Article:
Many species migrate long distances annually between their breeding and wintering areas1. Although global change affects both ranges, impact assessments have generally focused on breeding ranges and ignored how environmental changes influence migrants across geographical regions and the annual cycle2,3. Using range maps and species distribution models, we quantified the risk of summer and winter range loss and migration distance increase from future climate and land cover changes on long-distance migratory birds of the Holarctic (n = 715). Risk estimates are largely independent of each other and magnitudes vary geographically. If seasonal range losses and increased migration distances are not considered, we strongly underestimate the number of threatened species by 18–49% and the overall magnitude of risk for 17–50% species. Many of the analysed species that face multiple global change risks are not listed by International Union for Conservation of Nature as threatened or near threatened. To neglect seasonal migration in impact assessments could thus seriously misguide species’ conservation.

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Data availability

All data except the GLOBIO land cover data are publicly available; bird range maps at www.birdlife.org, climate data at www.worldclim.org, bird trait data at https://doi.org/10.6084/m9.figshare.c.3306933, and bird phylogenetic data at www.birdtree.org. The GLOBIO land cover scenarios were provided by courtesy of M. Bakkenes and are not publicly available.

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Publisher’s note: Springer Nature remains neutral with regard to jurisdictional claims in published maps and institutional affiliations.


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D.Z. received funding from the Swiss National Science Foundation (SNF, grant no. PZ00P3_168136/1) and from the German Science Foundation (DFG, grant: ZU 361/1-1). N.E.Z. and C.H.G. acknowledge support from SNF (grant nos 31003A_149508/1 and 310030L_170059 to N.E.Z., grant no. 31003A_173342 to C.H.G.). We are indebted to M. Bakkenes for providing the global land cover scenarios.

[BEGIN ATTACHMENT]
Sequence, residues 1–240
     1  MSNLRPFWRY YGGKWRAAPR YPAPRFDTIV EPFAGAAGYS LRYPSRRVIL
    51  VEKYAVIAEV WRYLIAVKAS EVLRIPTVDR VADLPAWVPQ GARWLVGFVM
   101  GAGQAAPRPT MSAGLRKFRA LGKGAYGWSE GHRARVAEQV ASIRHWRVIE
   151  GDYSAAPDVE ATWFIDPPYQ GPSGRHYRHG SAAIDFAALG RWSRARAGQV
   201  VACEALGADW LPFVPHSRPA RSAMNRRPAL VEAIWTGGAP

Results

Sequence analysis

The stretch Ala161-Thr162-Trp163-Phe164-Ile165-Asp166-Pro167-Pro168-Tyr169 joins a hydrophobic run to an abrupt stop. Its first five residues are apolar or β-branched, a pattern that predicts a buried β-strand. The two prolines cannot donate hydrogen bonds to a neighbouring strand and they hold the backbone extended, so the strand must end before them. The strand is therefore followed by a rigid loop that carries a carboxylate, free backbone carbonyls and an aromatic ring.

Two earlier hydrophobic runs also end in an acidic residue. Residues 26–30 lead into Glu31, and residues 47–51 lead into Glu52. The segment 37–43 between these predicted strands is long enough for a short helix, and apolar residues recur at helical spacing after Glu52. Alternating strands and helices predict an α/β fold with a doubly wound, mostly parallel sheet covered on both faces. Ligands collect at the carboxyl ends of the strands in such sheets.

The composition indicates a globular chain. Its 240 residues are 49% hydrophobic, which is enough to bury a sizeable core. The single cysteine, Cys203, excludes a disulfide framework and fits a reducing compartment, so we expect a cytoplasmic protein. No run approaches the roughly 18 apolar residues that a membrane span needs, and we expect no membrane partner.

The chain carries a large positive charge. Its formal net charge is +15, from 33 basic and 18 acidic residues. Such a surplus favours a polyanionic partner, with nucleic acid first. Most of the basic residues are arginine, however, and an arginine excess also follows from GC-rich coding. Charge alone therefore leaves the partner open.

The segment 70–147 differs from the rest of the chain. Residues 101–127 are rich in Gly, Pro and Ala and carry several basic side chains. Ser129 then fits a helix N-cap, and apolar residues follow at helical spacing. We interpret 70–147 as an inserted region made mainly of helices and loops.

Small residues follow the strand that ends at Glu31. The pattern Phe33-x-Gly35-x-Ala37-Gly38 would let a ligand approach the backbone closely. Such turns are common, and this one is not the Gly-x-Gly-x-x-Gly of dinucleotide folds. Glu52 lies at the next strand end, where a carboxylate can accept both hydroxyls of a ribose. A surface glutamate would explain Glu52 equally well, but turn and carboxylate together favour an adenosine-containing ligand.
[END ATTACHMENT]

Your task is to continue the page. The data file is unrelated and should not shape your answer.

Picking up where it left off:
Author information


  1. Geography Department, Humboldt-Universität zu Berlin, Berlin, Germany

    • Damaris Zurell
  2. Dynamic Macroecology, Department of Landscape Dynamics, Swiss Federal Research Institute WSL, Birmensdorf, Switzerland

    • Damaris Zurell
    •  & Niklaus E. Zimmermann
  3. Department of Biodiversity and Conservation Biology, Swiss Federal Research Institute WSL, Birmensdorf, Switzerland

    • Catherine H. Graham
  4. Centre for Invasion Biology, Department of Botany and Zoology, Stellenbosch University, Matieland, South Africa

    • Laure Gallien
  5. Univ. Grenoble Alpes, CNRS, Univ. Savoie Mont-Blanc, LECA-Laboratoire d’Écologie Alpine, Grenoble, France

    • Laure Gallien
    •  & Wilfried Thuiller
  6. Department of Environmental Systems Science, Swiss Federal Institute of Technology ETH, Zurich, Switzerland

    • Niklaus E. Zimmermann


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D.Z. and N.E.Z. conceived the general idea and designed the study with the help of all authors. D.Z. ran the analyses and led the writing. All authors interpreted results and significantly contributed to writing and editing the manuscript.

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The authors declare no competing interests.

Corresponding author

Correspondence to Damaris Zurell.

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